five letters written by, and four to Dolet, in addition to those which the
latter printed in the Orationes Dua. Many others of the letters either
refer directly to Dolet or to persons and things of interest in connection
with his life.


friends. Two hasty perusals of these manuscripts and the
extracts which I have made have certainly not exhausted
all matters of interest, and it has been a source of regret
to me that I have been unable to have constantly at hand,
or to consult without long journeys, these manuscripts, as
well as the unique copies of several books which exist at
Lyons, Bordeaux, Orleans, Dole, Roanne, and elsewhere.

Many books printed and edited, and some entirely
written by Dolet, have wholly perished, and no trace of any
copy can be found. Of others a single copy exists in some
public library in France ; of some I myself possess the only
copy known, while there remain several in the possession of
collectors in France, which no opportunity has been afforded
me of seeing. In the Bibliographical Appendix to this
volume, perhaps the part of the most real value, there is
contained at least a more nearly complete and a more
accurate list of the books printed by Dolet than has
previously appeared. Nee de la Rochelle mentions forty-
nine, M. Boulmier fifty-three. In this book the number is
brought up to eighty-three, of fifty-one of which I have
seen and indicate the locality of copies, and of each of the
remaining thirty-two the authorities on which it is inserted
in the list are given.

On two points an explanation, and perhaps an apology,
is needed. Of several of the friends and contemporaries
of Dolet, notably Jean de Boyssone, Jean de Pins, and
Matthieu Gripaldi, I have given what may be thought
unnecessarily long accounts, while I have neglected others
of far more importance. It would have been easy for me
greatly to have increased the size of this book (already too


large) by notices of and digressions on Marot, Rabelais,
and other eminent persons, whose lives were to some extent
connected with that of Dolet, but while I have endeavoured
to neglect nothing which can have any real bearing upon
my hero and his history, I have sought to avoid whatever
could easily be found elsewhere, and accordingly such notices
only are given of those with whom Dolet came in contact
as are necessary for the proper understanding of the narrative,
except as to persons where the common books of reference
supply either no information, or none that is adequate.
In these cases I have ventured to insert detailed notices of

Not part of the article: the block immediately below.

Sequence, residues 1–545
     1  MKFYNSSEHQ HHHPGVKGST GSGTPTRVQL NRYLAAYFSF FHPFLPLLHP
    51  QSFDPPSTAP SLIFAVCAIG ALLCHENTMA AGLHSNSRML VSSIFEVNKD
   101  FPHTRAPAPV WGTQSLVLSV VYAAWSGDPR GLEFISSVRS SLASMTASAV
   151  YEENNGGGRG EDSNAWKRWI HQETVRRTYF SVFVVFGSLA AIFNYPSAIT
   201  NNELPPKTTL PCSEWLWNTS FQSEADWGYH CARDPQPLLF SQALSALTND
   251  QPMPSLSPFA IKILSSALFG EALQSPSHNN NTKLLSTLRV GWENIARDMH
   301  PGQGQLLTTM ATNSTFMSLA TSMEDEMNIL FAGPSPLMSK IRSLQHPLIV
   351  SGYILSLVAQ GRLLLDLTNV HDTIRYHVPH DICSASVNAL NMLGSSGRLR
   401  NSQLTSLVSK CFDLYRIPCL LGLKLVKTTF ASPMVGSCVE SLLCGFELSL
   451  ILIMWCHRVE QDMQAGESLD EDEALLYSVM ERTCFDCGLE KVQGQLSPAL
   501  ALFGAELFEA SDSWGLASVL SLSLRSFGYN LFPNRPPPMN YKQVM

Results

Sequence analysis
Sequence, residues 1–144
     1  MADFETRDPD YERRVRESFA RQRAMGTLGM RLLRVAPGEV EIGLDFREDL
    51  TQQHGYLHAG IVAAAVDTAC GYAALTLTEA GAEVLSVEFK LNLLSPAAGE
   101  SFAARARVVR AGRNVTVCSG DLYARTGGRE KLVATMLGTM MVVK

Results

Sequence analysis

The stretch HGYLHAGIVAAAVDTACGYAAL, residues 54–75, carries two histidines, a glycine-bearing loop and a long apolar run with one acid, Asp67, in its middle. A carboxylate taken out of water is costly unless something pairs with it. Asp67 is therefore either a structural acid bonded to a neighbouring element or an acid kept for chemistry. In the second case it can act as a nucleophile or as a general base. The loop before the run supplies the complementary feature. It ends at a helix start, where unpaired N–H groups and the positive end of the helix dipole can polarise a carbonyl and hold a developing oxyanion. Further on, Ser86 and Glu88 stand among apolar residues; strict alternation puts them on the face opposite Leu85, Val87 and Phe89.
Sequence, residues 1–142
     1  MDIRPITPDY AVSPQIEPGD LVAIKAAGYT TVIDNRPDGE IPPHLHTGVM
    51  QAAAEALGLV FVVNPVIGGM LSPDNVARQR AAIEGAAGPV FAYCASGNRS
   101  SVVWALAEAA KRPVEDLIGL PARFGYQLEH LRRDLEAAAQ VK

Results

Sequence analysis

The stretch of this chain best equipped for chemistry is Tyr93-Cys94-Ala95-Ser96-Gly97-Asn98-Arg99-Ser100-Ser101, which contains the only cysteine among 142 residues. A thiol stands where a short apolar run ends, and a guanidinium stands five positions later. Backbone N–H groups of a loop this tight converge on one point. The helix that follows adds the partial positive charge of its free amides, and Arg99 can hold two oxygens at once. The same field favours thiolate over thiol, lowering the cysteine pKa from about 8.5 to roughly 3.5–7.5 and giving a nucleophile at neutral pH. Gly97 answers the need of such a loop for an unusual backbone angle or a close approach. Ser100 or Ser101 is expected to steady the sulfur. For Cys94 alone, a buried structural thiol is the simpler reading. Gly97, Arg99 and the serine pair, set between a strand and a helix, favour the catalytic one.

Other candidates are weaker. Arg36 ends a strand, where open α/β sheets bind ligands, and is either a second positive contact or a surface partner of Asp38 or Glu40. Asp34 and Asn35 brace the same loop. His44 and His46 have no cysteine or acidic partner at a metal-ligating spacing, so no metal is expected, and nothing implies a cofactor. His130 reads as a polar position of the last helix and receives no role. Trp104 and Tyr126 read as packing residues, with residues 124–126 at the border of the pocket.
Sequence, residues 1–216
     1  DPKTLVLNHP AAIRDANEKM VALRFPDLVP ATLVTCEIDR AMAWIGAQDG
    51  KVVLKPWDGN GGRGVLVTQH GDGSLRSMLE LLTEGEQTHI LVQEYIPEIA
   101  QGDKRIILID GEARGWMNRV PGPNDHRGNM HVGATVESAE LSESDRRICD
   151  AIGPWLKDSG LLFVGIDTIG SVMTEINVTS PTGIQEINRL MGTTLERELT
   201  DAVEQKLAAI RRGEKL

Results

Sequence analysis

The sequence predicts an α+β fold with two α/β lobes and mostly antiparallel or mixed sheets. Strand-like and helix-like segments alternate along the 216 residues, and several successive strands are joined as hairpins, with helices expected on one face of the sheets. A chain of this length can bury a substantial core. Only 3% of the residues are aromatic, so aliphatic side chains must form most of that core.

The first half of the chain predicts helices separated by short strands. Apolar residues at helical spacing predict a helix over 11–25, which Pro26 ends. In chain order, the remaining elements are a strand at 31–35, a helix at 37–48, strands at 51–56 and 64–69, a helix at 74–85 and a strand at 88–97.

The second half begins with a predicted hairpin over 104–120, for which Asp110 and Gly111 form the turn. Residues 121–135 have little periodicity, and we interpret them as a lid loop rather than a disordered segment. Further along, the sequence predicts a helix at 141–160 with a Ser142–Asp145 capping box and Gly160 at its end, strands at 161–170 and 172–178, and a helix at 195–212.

some length.

Had I endeavoured, after the fashion of many modern
writers of biography, to interweave with the life of Dolet
the general history of literature and scholarship in France
during the period in question, I might have made a more
popular book, but it would have been one with no special
raison d'etre^ and for writing which I had no special

The other point on which an excuse is needed is that
learned men are sometimes spoken of by their French,
sometimes by their Latinised names. This has not arisen
trom carelessness. I should have preferred uniformly to
cite them by their native names, and I have generally done
so. There are, however, a few persons {e.g. Villanovanus,
Scaliger, Zazius, Nizolius) who so usually style themselves
by their Latinised names, that any others would seem
strange and affected ; and it has sometimes happened that,
for the sake of harmony, other writers are with them referred
to by their Latinised names.


To the chronology of the life of Dolet I have given
great attention. Every account of him which has hitherto
appeared contains errors as to dates, some of which will be
found to be specifically noticed and corrected, but in no
case has a date been inserted in this book without careful
consideration, and wherever it is found to differ from that
given by any other writer cited, the change has not been
made until after much thought. It would have considerably
lengthened the book had I in every case expressed the
reasons which had induced me to differ from my predecessors
in matters of chronology. Every one acquainted with the
history of this period will know the great difficulty in
ascertaining the years of events which are dated in January,
February, or March. I cannot hope that I have always
been successful in arriving at a right conclusion, but if any
errors of chronology are found, at least they do not arise
from carelessness. The dates given in this book are always,
unless otherwise expressed, new style^ the year being treated
as beginning on the first of January.

I cannot conclude this preface without acknowledging
the obligations I am under to M. Baudrier, President of
the Court of Appeal of Lyons. With a kindness and a gener-